The majority of our readers are tea connoisseurs, so please permit the use of a tea brewing metaphor to help describe the heating of incense wood. The incense burner is akin to the tea kettle, and thus, once the incense wood begins to produce an aroma, you need to take the burner and the wood and smell it as you would remove the kettle from the flame to brew a pot of tea. In both tea and incense, charcoal is the best heat source. But, in modern times, charcoal, in incense and tea, has been replaced by electric heaters. As for the silver leaf, it is akin to the teapot or teacup the tea is brewed in. The most important elements for brewing tea are the water and the teapot. Teapots made of different quality materials such as stone, gold, silver, porcelain or Yixing will produce distinctly different cups, even when brewing the exact same tea leaves. For the same reason, the small, thin silver leaf, mica disc is just as important to the incense process as the teapot is to the tea brewing process!

An Introduction to the Silver Leaf

Quality: When heated, the best quality silver leaf will take some time to heat up, maintain its temperature, evenly distribute warmth to the incense wood, and cool slowly. A second-rate silver leaf is one that can both be quickly heated and cooled.

Shape: The finest silver leaves are concave-shaped, like a plate. Inferior silver leaves provide only a simple, flat surface for the incense wood.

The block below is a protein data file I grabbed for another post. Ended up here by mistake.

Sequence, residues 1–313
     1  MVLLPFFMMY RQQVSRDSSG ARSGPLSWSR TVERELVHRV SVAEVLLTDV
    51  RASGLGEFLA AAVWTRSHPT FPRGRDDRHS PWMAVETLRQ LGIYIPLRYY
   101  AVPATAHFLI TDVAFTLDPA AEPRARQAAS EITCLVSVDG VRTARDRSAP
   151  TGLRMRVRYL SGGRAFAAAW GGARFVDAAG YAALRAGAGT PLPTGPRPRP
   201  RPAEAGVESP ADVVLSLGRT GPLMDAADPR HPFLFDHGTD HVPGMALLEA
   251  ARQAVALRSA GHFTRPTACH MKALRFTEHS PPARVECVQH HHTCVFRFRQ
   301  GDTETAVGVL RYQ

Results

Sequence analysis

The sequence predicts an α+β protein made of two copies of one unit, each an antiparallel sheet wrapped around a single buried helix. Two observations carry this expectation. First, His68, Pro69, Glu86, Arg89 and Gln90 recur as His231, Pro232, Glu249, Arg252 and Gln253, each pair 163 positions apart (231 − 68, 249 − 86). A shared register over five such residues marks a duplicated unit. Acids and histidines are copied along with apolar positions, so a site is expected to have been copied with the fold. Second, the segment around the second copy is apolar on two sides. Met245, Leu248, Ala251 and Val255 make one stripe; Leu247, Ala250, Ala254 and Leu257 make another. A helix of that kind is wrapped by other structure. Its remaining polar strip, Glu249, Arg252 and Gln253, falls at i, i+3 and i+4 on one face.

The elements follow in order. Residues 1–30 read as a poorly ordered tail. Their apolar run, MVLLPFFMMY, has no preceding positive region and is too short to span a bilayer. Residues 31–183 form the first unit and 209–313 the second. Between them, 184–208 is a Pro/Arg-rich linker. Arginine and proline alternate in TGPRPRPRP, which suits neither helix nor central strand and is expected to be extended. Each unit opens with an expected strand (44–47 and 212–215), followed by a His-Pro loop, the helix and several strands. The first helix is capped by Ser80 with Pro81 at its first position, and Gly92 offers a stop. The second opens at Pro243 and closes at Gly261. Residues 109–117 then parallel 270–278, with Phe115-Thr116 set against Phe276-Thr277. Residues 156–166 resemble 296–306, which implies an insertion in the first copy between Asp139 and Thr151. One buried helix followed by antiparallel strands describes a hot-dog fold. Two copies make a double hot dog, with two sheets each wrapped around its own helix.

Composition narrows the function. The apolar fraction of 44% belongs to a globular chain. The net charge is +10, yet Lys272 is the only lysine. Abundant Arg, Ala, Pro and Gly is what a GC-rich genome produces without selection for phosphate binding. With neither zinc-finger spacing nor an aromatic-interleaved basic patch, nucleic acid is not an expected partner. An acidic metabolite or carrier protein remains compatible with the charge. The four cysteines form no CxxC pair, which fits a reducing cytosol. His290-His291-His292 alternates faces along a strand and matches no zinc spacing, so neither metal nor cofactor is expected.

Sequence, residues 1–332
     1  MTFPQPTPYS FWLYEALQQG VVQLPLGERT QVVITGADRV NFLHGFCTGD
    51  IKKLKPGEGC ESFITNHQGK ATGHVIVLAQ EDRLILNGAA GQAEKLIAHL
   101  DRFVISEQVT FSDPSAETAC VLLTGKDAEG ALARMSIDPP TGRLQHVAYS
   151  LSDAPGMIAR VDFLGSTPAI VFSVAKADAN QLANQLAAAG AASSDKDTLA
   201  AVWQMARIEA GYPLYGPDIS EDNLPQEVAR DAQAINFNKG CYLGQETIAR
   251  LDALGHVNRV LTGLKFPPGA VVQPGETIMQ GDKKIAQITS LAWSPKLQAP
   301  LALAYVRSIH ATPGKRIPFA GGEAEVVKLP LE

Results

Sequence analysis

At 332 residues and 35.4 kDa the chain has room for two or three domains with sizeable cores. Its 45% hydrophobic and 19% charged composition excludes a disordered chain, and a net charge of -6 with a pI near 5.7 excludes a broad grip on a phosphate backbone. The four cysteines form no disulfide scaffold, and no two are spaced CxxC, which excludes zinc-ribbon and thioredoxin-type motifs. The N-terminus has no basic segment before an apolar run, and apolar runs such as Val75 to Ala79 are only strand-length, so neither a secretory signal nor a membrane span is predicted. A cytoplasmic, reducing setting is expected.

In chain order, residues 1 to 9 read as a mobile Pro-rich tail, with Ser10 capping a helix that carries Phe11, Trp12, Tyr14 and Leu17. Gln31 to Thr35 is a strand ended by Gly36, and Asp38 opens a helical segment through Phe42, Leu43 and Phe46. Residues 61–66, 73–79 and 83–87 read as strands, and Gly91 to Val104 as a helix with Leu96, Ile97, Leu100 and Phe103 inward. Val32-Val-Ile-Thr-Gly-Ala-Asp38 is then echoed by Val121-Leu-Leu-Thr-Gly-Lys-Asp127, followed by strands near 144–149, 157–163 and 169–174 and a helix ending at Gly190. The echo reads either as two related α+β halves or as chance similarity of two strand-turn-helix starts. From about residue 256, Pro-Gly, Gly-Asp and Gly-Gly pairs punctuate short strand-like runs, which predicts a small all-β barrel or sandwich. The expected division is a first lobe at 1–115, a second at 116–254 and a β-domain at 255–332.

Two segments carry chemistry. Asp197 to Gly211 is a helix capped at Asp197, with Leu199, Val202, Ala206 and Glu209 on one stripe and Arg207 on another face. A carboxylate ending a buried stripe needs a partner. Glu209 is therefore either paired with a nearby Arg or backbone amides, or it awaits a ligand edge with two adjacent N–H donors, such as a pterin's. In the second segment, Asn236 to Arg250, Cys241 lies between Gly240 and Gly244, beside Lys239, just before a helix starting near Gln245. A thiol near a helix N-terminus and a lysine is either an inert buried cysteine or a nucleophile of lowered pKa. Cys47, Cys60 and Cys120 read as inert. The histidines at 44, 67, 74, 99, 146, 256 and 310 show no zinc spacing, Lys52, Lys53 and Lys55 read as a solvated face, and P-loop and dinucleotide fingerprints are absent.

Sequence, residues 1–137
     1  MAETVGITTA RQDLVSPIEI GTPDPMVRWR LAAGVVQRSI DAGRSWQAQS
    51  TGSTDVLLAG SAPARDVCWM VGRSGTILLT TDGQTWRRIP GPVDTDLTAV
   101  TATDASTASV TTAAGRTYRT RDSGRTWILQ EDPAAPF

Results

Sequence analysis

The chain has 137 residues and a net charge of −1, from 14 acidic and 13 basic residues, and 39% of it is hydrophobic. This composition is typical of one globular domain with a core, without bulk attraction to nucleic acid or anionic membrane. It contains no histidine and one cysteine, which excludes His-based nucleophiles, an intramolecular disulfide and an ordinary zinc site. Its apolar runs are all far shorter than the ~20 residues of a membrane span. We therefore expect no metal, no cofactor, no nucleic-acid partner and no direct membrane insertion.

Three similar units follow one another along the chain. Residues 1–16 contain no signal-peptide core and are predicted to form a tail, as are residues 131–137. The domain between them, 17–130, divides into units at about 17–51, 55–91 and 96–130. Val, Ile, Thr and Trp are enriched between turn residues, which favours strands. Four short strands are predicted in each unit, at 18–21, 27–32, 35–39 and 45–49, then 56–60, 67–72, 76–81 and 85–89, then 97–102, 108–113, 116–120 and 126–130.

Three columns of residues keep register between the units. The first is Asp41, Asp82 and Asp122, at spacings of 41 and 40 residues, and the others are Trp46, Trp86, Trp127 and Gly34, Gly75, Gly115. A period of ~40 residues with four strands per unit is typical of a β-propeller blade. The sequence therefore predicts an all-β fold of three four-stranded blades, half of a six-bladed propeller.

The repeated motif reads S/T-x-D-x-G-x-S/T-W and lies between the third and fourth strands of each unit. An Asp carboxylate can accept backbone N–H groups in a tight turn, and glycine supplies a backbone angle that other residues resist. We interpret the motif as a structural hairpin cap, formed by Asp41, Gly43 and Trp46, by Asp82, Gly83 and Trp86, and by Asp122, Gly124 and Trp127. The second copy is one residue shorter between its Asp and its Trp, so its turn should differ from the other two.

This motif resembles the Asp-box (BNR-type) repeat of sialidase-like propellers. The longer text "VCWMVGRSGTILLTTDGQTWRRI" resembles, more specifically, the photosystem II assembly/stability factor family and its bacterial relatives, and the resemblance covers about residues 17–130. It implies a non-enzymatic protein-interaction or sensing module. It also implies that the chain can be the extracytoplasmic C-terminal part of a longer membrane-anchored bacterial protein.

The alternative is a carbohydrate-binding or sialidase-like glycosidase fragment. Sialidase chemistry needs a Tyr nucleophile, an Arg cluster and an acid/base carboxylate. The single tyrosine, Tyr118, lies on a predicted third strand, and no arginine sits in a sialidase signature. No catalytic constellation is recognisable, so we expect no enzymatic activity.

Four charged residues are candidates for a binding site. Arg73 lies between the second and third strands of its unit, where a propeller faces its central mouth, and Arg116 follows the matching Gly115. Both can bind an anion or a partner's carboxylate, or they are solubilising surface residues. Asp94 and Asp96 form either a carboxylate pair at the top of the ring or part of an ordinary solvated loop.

Exterior: The silver leaf is best when it has a glazed exterior, an unglazed silver leaf can be heated but is substandard.

Appearance: The best quality silver leaf is hand-crafted with simple elegance; complicated workmanship makes for a more deficient product.

The silver leaf lies between the incense wood and the live coal buried in the incense burner ash. As the silver leaf is heated by the incense coal, its heat is transferred to the incense wood. The silver leaf can be made from many different materials which retain and transmit heat through varying processes and speeds. All of these factors directly influence the development of the incense wood’s aroma. According to the incense experience of Master Ju, the higher the grade of the incense wood, the clearer the effect the silver leaf has on its fragrance development. This is particularly true when low heat is used to elicit fragrance from the multi-variant Aloeswood. Thus, if our readers understand how incense develops and its rich history, they can skillfully employ incense burning even if their incense wood quality is not as good as that of others. With good utensils and a clever mind, our readers will have the ability to emit the perfect incense fragrance – many times more beautiful than that of even higher-grade wood.

During the Song Dynasty, poet Yang Tingxiu wrote “Incense Poem.”

Cut porcelain using a cauldron of green jade made from water,
Pared silver into leaves as light as paper.
No culture, and no evenly-distributed fire-power
Can close your majesty’s curtain when the wind does not blow.

According to the Incense Table recorded in The History of Incense: Burning Incense, “Atop the fire, arrange silver leaves or mica fashioned into the shape of a disc as lining for the incense wood. The wood should not touch the fire and the incense should develop naturally and slowly, without withering or parching the timber.” According to this record, the Japanese who practiced incense burning used mica and silver leaves interchangeably, disseminating a practice that has carried on for a thousand years and up to this day.